Brothel workers who led to a political storm
Media frenzy was far from prostitutes' minds, says Jim Cusack
Creating a political and media frenzy was the last thing on the minds of sex workers Marcia Da Silva, Joiceline Costa Dos Santos and Ana Christian Dos Santos when they arrived in Ireland in 2008. The three Brazilians were hired to come here to work as prostitutes by the same network that operates Ireland's largest prostitution ring. Back home the three would probably never have heard of Ireland, never mind Limerick, Defence Minister Willie O'Dea and certainly not the local Sinn Fein councillor Maurice Quinlivan.
Likewise, Councillor Quinlivan would have been unaware of the identities or working lives of the three Brazilians at the apartment on Clancy Strand owned by his brother, the IRA man Nessan.
Neighbours in the Castlecourt Apartments were more certain of what was going on, with men calling to the apartment at all times of day, always unaccompanied. They alerted gardai at the end of 2008, and a surveillance operation quickly showed that the suspicions of residents were well founded.
The apartment was raided on January 14 last and the three women who were, gardai said, in various states of undress, were arrested. In the apartment gardai also found €500 in cash, a laptop computer and six mobile phones.
Marcia, 42, whose whereabouts are unknown, admitted to renting the apartment. She had arrived in Ireland on a student visa but attended a college in Dublin for only a day before being taken to Limerick. She pleaded guilty to keeping a brothel under Section 11 of the Criminal Law (Sexual Offences) Act 1993. The other two, aged 32 and 31, pleaded guilty to assisting in the management of a brothel.
Judge Tom O'Donnell imposed suspended sentences and, after hearing that all three came from "origins of deep poverty", returned the €500 to them so they could travel back to Brazil. He told them to be out of Limerick within three days.
Thousands of women from such backgrounds travel here from all over the world each year to work as prostitutes, and the case in itself was of little interest. What did make it stand out was that the apartment in which the three women operated the brothel was owned by the infamous IRA man Nessan Quinlivan.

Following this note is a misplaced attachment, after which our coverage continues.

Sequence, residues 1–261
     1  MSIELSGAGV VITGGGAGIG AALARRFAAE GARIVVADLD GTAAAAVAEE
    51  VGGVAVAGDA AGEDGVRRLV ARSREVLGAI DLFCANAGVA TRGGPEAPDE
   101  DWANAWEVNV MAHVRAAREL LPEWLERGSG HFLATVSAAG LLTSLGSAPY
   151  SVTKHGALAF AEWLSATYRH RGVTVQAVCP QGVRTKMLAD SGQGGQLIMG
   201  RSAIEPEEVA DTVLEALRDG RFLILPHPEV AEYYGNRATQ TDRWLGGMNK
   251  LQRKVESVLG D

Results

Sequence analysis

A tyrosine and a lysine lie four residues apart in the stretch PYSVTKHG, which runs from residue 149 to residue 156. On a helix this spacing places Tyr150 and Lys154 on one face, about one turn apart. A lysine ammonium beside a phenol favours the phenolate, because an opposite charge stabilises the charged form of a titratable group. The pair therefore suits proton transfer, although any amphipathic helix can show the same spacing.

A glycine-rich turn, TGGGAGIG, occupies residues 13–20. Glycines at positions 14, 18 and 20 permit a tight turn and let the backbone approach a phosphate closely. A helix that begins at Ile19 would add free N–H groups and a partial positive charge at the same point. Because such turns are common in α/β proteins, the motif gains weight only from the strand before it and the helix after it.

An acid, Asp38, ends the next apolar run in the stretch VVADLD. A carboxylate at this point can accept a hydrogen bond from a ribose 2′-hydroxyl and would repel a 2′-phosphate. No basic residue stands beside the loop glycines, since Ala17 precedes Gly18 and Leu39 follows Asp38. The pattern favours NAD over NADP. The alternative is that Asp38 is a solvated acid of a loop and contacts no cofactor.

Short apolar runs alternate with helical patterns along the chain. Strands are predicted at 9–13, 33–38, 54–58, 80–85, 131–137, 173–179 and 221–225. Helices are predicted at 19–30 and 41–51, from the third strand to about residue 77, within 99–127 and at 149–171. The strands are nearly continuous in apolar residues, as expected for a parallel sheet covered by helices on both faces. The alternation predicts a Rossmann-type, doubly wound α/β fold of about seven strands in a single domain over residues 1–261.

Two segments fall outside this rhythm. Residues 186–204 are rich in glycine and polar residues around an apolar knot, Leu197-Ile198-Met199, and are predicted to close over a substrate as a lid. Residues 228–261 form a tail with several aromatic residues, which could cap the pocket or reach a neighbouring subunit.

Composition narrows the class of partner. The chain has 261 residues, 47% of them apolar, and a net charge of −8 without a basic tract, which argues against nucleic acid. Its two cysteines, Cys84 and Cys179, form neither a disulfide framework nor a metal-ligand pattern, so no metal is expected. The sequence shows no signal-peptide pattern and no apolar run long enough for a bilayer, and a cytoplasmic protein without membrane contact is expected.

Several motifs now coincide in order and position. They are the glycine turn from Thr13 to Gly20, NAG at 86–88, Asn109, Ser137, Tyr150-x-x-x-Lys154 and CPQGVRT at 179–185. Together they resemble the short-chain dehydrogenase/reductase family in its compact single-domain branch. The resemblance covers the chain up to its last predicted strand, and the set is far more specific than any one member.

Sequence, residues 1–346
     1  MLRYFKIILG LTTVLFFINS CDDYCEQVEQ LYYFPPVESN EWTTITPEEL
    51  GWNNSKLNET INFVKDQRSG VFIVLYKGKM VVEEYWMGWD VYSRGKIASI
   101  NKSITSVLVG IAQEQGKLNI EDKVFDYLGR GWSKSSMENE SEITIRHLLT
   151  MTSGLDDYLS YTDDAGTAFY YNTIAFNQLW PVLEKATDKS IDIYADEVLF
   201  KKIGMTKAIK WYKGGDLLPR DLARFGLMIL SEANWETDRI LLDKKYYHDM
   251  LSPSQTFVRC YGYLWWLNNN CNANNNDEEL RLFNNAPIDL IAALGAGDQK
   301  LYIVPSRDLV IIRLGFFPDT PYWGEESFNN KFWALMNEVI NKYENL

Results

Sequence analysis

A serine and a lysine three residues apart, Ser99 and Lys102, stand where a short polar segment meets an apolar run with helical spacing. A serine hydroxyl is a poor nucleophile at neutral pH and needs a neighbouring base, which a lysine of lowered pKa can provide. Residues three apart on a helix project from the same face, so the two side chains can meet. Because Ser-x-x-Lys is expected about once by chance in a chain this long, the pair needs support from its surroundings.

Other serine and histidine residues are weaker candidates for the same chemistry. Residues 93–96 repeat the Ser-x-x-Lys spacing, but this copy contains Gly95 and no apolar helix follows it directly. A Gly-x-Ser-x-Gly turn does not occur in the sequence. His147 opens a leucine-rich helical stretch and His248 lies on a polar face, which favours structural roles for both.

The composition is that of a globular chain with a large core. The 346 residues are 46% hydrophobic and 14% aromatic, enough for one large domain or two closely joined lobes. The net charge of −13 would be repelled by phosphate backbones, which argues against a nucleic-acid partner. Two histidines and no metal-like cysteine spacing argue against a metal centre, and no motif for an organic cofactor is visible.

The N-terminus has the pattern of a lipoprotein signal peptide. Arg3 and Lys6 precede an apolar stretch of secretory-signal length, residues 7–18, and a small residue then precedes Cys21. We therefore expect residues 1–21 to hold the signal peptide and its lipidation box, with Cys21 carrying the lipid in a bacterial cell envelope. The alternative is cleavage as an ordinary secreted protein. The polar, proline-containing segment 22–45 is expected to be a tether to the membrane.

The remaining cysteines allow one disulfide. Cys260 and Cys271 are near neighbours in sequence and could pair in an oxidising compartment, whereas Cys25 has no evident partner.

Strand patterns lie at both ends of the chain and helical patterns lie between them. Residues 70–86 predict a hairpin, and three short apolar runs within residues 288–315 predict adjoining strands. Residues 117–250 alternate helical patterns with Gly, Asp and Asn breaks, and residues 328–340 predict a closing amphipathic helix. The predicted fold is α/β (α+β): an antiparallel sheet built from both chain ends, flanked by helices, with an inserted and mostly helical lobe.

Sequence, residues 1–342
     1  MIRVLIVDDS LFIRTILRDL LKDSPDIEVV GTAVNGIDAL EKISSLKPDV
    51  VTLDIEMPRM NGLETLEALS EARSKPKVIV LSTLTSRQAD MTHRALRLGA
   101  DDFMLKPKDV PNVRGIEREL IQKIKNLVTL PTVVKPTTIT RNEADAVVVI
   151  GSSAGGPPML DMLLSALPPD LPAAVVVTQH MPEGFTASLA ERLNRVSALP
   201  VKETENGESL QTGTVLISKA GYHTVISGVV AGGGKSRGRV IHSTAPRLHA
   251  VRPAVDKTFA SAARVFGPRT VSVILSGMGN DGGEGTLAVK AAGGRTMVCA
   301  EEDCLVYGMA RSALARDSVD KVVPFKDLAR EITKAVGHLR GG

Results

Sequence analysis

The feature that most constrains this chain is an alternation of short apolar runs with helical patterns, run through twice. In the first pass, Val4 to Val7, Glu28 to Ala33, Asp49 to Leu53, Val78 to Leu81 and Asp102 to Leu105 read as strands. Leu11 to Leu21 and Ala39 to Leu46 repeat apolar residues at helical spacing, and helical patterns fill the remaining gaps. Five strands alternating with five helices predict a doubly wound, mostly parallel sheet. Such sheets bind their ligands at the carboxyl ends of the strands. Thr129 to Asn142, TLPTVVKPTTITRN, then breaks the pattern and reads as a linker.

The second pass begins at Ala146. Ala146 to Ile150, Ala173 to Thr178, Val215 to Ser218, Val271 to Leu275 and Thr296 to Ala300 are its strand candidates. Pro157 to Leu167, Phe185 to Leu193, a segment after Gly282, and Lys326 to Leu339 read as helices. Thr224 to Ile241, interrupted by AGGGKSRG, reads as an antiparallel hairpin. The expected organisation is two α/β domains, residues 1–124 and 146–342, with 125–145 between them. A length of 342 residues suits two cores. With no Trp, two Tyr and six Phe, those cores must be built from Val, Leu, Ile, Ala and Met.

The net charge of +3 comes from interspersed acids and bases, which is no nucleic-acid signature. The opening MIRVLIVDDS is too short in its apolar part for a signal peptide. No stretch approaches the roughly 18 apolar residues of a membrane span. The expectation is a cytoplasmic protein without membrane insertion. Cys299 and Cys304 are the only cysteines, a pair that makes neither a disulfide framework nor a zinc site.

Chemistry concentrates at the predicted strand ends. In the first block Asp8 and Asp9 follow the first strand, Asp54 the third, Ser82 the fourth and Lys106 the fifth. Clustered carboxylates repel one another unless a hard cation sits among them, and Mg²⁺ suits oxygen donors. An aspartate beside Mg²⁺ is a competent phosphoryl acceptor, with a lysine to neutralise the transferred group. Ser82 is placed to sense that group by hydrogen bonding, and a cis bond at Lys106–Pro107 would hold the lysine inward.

He made headlines in September 1990 when he was arrested in Britain along with Northerner Pearse McAuley near the Hampshire home of brewery executive Charles Tidbury. Mr Tidbury's name had previously been found on a death list in an apartment in Clapham in London used by the IRA. The list named a series of high-profile British Establishment figures whom the IRA intended to assassinate. His home was under armed guard and the two IRA men were challenged and arrested a short time later with guns in their car.
Quinlivan and McAuley were charged with conspiracy to murder and remanded to Brixton Prison, but were smuggled guns and shot their way out in July 1991, escaping back to Ireland. They became the most wanted men in Britain with their faces plastered across newspaper front pages. Both were eventually tracked down and arrested by gardai in 1993, McAuley in a house in Connemara and Quinlivan in Limerick. Both had guns and received four-year sentences. Shortly after his release McAuley was one of the IRA gang that shot dead Detective Garda Jerry McCabe and seriously injured his colleague Detective Garda Ben O'Sullivan.
Mr O'Dea, a couple of months after the apartment raid, made reference to "Northern Bank" money, the huge amount of cash stolen by the IRA in December 2004 and believed to have been distributed out among people who played prominent roles in the IRA's terror campaign.
Speaking to Limerick Leader reporter Mike Dwane at the launch of the Fianna Fail local government election campaign at the Clarion Hotel in Limerick on March 9 last, Mr O'Dea said: "They [Sinn Fein] are running a big campaign. The money from the Northern Bank must be stretching fairly far. Quote me on that. While occasionally we send out letters to planning applicants on the wrong paper, we have never been involved with anyone who shot anybody, or robbed banks, or kidnapped people."
It was then that he made the further remark about the raid on the brothel being run from Nessan Quinlivan's apartment and, as he said, himself: "I suppose I'm going a bit too far . . ."
Reporters had been asking Willie O'Dea about issues Maurice Quinlivan had raised about his team of civil servants who were carrying out constituency work. Councillor Quinlivan had issued details of what he said was "unsolicited" correspondence from the minister on Department of Defence-headed paper to a woman in Caherdavin on a planning issue. Councillor Quinlivan had stated that this was an abuse of office and a misuse of taxpayers' money.